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Pre-Registration Case Report: Asante Physician Partners Family Medicine

Before Asante Physician Partners Family Medicine adopted a streamlined pre-registration process, new patients to the Grants Pass, OR, practice had to complete a complicated and inefficient six-page registration packet before their first visit. The costs of this inefficiency were further compounded when the volume of new patients increased suddenly as more people received insurance coverage under the Affordable Care Act. Both care team members and patients were dissatisfied with this tedious registration process; thus, the practice decided to transition to an all-electronic pre-registration system.

David Gilmore, Director of Operations and a Lean Six Sigma Black Belt, noted, “Too many patients were arriving without complete registration paperwork, which delayed not only their visit but also had a trickle-down effect on the next visits on the schedule. The care team was documenting items in the exam room that should have been covered before the patient arrived. This process created time and cost concerns for both the patients and the medical practice. We needed to reengineer our value proposition for providers and patients alike, so we applied Lean principles to help us eliminate paper-based registration forms and switch to an entirely electronic process.”

The practice calculated the expected volume of patients who would require registration in the next two years. They discovered that they would need to hire two full-time employees to support the new pre-registration process. Using cost-driver analysis, they also examined the cost implications of staying with the paper-based registration process (Table 1). Assuming that 1000 new patients would be registered over the course of the next year, they estimated that the total savings for their seven-physician practice if they switched to electronic pre-registration could be as much as $216,760 per year —including the costs of new staff they would need to hire to perform data entry.

Table 1.

Cost implications of a traditional paper approach to new patient registration

TASKCOST
Completing paper new patient registration forms at the clinic$50 for each new patient registration packet completed after the patient arrives at the clinic
Receiving, scanning and abstracting medical history into EHR at the time of the visit rather than beforeMA verbally completes history: $8 each patient ($.40 per minute)
MD verbally completes history: $32 each patient ($1.60 per minute)
Accommodating late arrival for check in if forms are not filled out in advanceEach minute the patient is late costs the practice money: delay in visit with MD costs $1.60 per minute, which can be multiplied by the time each additional appointment is delayed.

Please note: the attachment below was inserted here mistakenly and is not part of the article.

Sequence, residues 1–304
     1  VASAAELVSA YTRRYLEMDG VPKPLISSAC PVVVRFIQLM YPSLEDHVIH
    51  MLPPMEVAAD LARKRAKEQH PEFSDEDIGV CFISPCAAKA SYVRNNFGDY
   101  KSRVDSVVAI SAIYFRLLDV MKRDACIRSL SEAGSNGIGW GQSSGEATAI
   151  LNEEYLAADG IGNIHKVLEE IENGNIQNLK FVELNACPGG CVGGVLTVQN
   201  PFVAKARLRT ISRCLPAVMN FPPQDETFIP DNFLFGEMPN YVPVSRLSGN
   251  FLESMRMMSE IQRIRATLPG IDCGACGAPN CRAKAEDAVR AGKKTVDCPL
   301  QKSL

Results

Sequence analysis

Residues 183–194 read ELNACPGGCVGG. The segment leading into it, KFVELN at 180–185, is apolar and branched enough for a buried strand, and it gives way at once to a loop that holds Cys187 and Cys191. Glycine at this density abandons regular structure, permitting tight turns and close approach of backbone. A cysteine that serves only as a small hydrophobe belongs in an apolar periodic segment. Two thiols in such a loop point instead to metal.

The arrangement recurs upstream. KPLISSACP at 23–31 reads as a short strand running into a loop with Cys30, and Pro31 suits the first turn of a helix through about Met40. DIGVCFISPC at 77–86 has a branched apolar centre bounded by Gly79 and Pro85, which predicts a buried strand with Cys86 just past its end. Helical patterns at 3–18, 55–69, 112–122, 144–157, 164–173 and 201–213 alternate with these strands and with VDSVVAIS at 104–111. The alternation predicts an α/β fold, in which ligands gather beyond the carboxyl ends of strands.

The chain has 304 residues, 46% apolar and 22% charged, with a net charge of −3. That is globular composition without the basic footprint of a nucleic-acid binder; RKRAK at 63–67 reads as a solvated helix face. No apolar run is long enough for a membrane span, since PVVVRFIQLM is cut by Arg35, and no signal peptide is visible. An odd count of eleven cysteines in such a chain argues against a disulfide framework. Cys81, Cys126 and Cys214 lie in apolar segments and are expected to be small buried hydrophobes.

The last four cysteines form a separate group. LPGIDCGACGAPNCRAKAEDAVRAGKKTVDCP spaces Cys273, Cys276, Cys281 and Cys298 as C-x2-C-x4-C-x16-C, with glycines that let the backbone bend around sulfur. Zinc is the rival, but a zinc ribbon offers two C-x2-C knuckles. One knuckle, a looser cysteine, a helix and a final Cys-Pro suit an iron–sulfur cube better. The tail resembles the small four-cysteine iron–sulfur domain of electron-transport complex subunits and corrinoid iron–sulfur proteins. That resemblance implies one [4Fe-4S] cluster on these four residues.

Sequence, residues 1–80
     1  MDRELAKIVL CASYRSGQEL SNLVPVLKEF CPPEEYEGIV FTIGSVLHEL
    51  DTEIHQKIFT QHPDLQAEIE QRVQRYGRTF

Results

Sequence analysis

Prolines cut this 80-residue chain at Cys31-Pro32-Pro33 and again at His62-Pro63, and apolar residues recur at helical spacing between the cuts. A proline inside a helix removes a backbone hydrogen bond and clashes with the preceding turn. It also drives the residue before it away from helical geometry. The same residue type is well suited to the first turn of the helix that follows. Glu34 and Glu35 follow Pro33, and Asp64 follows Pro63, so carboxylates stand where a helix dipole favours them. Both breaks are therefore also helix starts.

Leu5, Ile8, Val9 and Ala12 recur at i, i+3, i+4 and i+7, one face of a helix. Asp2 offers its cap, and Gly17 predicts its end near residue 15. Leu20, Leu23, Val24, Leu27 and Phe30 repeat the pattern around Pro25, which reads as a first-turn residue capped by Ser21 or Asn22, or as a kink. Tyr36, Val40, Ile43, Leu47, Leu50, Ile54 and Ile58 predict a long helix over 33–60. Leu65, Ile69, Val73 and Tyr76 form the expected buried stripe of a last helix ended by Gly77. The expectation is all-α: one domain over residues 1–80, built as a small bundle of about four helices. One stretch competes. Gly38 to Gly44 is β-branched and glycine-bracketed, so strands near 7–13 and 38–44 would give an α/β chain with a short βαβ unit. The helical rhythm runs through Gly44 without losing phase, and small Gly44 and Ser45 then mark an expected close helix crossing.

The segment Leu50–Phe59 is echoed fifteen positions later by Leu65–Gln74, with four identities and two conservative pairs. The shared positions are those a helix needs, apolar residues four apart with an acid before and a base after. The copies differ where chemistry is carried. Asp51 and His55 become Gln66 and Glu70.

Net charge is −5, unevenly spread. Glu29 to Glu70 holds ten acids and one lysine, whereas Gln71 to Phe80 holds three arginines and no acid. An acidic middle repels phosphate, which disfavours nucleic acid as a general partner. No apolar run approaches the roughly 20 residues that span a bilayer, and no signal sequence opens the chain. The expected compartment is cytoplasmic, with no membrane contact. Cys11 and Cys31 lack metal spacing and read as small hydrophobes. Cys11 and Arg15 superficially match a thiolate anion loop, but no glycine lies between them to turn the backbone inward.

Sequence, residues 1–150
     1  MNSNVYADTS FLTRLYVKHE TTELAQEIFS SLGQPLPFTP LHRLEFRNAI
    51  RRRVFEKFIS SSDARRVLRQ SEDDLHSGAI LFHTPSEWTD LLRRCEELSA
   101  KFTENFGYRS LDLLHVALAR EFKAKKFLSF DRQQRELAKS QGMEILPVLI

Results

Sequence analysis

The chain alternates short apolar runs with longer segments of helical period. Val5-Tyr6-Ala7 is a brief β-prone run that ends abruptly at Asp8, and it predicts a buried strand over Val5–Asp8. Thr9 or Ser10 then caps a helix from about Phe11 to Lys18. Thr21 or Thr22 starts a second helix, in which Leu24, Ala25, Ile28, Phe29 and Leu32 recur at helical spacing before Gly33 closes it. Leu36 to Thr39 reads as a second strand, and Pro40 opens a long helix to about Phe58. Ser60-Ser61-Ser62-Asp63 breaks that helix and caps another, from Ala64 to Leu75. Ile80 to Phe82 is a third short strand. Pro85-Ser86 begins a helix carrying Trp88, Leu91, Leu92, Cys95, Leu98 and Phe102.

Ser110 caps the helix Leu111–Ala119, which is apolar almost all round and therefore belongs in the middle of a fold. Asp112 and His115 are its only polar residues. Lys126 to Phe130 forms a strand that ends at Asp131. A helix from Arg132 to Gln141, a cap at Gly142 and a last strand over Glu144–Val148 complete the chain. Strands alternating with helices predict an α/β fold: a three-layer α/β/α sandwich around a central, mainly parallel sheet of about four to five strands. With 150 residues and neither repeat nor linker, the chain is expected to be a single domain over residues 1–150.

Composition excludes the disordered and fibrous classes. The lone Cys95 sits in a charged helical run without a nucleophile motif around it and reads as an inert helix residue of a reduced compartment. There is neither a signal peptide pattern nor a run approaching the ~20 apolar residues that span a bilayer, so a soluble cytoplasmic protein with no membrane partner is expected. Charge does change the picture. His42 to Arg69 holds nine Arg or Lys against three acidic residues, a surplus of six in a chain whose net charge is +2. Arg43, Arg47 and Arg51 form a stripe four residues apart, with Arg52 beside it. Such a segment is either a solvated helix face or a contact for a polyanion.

Secondary effects and costs must be considered: potential for no-show, patient completing forms at the clinic, MA/MD verbal completion of history, other patient appointments delayed.
Accommodating patient no-shows for appointmentLoss of scheduled patient's appointment - $100
Loss of two potential appointments for established patients - $200
Total: up to $300 lost because of a single no-show
Completing registration by MA during pre-visit roomingDelay in visit with MD costs $1.60 each minute, which can be multiplied by the time each additional appointment is delayed

Asante built the electronic pre-registration process into the daily routine and set aside time to train the entire team on an ongoing basis: first on what the electronic process would entail, then on how to accurately enter the relevant patient details and finally how to measure and report on progress. It took approximately one month to fully implement the new process.

In the electronic pre-registration process, a new patient coordinator (NPC) speaks with each new patient in person or by phone to collect all the necessary information prior to the first visit, including the patient's medication list, allergies, and medical history. The NPC enters the patient's responses directly into the electronic health record (EHR), ensuring accuracy and completeness of patient records. The process creates a strong connection with the patient and engages them early in their own health management. Patients appreciate the one-on-one attention from the NPC.

To evaluate the success of their time and financial investment, Asante started collecting baseline data before and after they rolled out the process, tracking new patient registration processing time, number of new patient registrations completed, and work allocation with costs per full-time employee (FTE). All of these metrics improved under the new process, as did team satisfaction. The physicians, nurses, and medical assistants (MAs) were no longer taking precious time away from the patient visit to collect missing information or do data entry.

Because of their success and the strong business case for their streamlined approach to new patient registration, this process was introduced at 21 practices in the Asante network, including primary care and medical and surgical sub-specialties. Going forward, the organization will utilize the patient portal to populate their EHR with discrete data in each patient's medical record.

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